Mixed feelings about Romney in Boston
?You?re going to win Mitt!? shouted one member of the crowd. Another carried a sign that read: ?Mitt is moving to 1600 Pennsylvania Avenue.?
A small cheer went up from outside the Beech Street polling centre in Boston where presidential hopeful Mitt Romney and his wife cast their votes earlier today.
But not everyone in this affluent - but largely Democrat-supporting neighbourhood - where the Republican candidate calls home feels the same way. The community may value him - but it doesn?t mean they?ll vote for him.
Janet Fry (73) often sees Mr Romney?s wife doing her shopping at Shaw?s, the local grocery store, buying toys for her grandchildren at Belmont Toys. Sometimes she sees the couple eating at the Il Casale Italian restaurant close-by (he orders Bolognese, apparently).
?He?s well-liked here and see as a down-to-earth kind of person,? she said.
So, surely she voted for him?
?Oh, no,? said Fry, almost recoiling at the prospect. ?I voted for Obama - I was always taught to support the working class. My aunts would turn in their grave if I voted for Romney.?
Janette Martin (60) also from Belmont, left the polling centre wearing an over-sized Obama badge - the size of a small dinner plate - feeling frustrated.
?They told me to remove my badge!? she said, still annoyed. ?Maybe it?s because this his local centre.?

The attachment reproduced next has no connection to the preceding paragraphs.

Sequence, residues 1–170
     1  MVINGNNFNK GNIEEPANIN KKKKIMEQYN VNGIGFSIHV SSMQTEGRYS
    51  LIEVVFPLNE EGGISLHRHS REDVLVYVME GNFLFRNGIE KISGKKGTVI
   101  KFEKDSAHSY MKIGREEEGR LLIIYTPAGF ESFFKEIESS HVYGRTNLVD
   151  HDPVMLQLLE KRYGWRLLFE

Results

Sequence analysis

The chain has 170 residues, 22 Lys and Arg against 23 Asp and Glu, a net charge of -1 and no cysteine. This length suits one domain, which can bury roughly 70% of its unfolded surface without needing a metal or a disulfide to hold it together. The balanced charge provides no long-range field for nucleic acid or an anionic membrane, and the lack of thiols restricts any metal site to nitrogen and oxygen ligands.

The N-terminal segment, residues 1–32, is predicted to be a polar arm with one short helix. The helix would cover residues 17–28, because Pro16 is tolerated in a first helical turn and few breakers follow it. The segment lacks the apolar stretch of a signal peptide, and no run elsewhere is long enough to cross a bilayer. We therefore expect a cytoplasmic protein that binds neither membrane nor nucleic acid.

Inside the gleaming new Beech Street centre - normally an activity centre for older people - a marble plaque hangs on the wall with Mr Romney's name on it.
?Diamond benefactors ($50,000 - $99,000): Governor and Mrs Mitt Romney,? it reads.
?You know,? said Martin, almost conspiratorially, ?they say he lives here. He has a condominium around the corner from here. But he sold his house a few years ago... He?s just keeping his toe in the constituency.?
Martin wasn?t impressed by his stint as governor of Massachusetts, though Romney often cites his turnaround of the deficit problem here as a major achievement.
?He was a bad governor,? she said. ?We lost jobs here, jobs were shipped overseas, and there were fewer women in state government by the time he left.?
Mr Romney may have trouble finding supporters in his adopted neighbourhood. In the quiet, 25,000-strong Boston suburb, there are four times as many registered Democrats as there are Republicans.
While Belmont backed Romney when he ran for governor in 2001, the town failed to back him when he lost the 2004 US Senate race to Ted Kennedy.
In fact, the last time the town voted for a presidential candidate was in 1980.
But Ron Sacca (60) a bus driver and Belmont native, was on hand to defend the Republican candidate.
He held a placard supporting Romney, as well as folder containing Christmas cards he received from the candidate, personal photographs of the former governor and a hand-written letter from the candidate.
?I?m confident he?s going to do it,? he said, as a friend and fellow bus driver tugged at his arm, warning that his union colleagues wouldn?t be happy with his views.
?I don't care about that - I?m proud to support him. He used to come into the pizza shop I ran - he came in all the time. Ann Romney would pull up in her black BMW. She ordered pepperoni, as I recall ... They liked their pizza.?
He not so sure how Belmont will vote, but he was confident that a majority across the nation would vote for his neighbour.
"The country will support him,? Sacca said. ?He?s an honourable man.
"People try to do him down because of his religion. Kennedy faced the same thing in the 1960s because he was a Catholic, and we know how that turned out.?